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Do I really need Action Support & Waiting For Support Folder?

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  • Do I really need Action Support & Waiting For Support Folder?

    I'm currently adapting the GTD Outlook 2010 method and I always move emails to Tasks list in one coordinated set of lists instead of spread into two different functional places in Outlook.

    Since I've moved all my emails to Tasks and have categorlizied to @Action, @Waitng for, etc... Is it necessary to keep these folders? It seems like I don't have emails in those 2 folders at all.

  • #2
    Originally posted by azukre View Post
    Since I've moved all my emails to Tasks and have categorlizied to @Action, @Waitng for, etc... Is it necessary to keep these folders? It seems like I don't have emails in those 2 folders at all.
    You wouldn't necessarily need those folders if you're moving the entire email over to Tasks or your Calendar as a file attachment.

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    • #3
      Originally posted by kelstarrising View Post
      You wouldn't necessarily need those folders if you're moving the entire email over to Tasks or your Calendar as a file attachment.
      Thank you for your comment.

      I'm trying to figure out what are the pro & cons using "Move" to task instead of "Copy".

      Pro: I can reduce the storage size (due to company size limit policy)
      Con: I won't be able to organize my emails to different folders.

      Anyone has comments on my GTD method?

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      • #4
        Originally posted by azukre View Post
        Pro: I can reduce the storage size (due to company size limit policy)
        Con: I won't be able to organize my emails to different folders.

        Anyone has comments on my GTD method?
        Can't comment on the Pro side of the equation, I keep all e-mails and have for years. I have gone back as far as 15 years or more for e-mails as reference. But on the cons. I found that fewer folders is a lot better. So I save all my e-mail from lists that are single topic related in folders for that list but everything else just goes into one big reference folder. It reduces the places to look when I need something.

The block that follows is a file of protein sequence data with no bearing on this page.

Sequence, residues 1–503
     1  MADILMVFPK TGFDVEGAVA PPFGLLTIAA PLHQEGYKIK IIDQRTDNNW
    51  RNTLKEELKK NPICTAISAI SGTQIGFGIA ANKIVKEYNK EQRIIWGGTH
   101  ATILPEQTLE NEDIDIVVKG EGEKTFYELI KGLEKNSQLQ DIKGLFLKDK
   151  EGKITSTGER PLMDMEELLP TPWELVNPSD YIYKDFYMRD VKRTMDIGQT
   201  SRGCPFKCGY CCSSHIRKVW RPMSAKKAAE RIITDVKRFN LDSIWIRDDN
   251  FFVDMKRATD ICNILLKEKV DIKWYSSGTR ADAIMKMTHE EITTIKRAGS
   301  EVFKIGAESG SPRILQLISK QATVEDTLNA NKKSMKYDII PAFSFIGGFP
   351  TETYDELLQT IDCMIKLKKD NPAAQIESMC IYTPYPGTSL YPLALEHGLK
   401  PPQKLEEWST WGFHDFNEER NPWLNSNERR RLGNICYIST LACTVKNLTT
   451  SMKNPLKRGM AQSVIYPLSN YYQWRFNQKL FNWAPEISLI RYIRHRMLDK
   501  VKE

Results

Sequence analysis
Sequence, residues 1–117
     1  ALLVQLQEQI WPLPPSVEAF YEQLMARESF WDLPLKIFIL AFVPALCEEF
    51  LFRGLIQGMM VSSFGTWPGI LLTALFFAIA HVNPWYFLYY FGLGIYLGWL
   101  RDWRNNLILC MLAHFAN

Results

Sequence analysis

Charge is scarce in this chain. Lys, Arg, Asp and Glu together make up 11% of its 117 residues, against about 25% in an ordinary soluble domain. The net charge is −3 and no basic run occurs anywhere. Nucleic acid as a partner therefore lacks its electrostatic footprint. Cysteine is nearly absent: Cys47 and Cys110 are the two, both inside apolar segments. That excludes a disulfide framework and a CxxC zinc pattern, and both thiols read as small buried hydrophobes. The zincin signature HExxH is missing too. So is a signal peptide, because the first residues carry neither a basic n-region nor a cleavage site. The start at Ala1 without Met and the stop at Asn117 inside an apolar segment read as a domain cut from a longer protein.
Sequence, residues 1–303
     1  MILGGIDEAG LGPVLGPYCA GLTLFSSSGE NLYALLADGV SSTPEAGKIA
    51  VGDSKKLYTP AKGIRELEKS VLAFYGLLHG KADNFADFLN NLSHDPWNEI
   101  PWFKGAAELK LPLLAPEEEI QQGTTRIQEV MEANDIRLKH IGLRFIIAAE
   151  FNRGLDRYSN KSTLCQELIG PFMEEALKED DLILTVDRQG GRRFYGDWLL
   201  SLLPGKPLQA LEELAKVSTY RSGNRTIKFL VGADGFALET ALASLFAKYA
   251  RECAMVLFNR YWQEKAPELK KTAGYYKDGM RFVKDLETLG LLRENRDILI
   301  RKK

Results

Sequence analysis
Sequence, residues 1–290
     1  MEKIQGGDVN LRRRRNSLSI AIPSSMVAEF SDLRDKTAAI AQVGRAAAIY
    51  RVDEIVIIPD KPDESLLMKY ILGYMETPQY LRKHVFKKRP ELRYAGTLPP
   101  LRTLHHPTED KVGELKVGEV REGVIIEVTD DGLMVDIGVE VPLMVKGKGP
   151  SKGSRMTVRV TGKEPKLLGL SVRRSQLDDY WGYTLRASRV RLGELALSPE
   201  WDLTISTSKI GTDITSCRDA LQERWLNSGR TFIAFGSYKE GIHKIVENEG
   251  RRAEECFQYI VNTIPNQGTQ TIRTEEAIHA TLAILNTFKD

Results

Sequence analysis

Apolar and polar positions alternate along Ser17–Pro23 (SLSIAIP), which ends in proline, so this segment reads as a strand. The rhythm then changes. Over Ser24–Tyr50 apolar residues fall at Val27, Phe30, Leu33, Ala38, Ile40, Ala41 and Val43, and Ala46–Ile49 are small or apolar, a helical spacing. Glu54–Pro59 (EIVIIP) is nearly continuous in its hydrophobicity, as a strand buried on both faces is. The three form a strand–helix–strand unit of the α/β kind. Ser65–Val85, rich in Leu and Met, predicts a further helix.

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        • #5
          Be flexible...

          If you are currently moving all emails to your task manager creating your own to do lists, when you categorize your email you have already processed it so in seem useless to keep it stored in your email folders.

          After the issue is done you can archive it in a folder. Keep in ming that as less folders you have better! So if you can work it out with one general archive that's the way to go!

          It seems to me that you have experienced a gigantic step forward: you have managed to adapt GTD method to your own outlook usage, therefore creating a couple of "must have" folders that really are of no use to you! Keep working on your system and be alert to things that serve you (and reinforce them) and things that don't (and drop them).

          Wish you the best! Be productive!

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          • #6
            I'm trying to figure out what are the pro & cons using "Move" to task instead of "Copy".
            A big pro is that the supporting email is attached to the Next Action reminder, so you don't need to go back to an email folder to find the email when you are ready to take action.

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            • #7
              Yogi Berra?

              This may make me sound like Yogi Berra, but...

              You only need what you need and you don't need what you don't need.

              I'm not sure if that helps or not. I hope it does!

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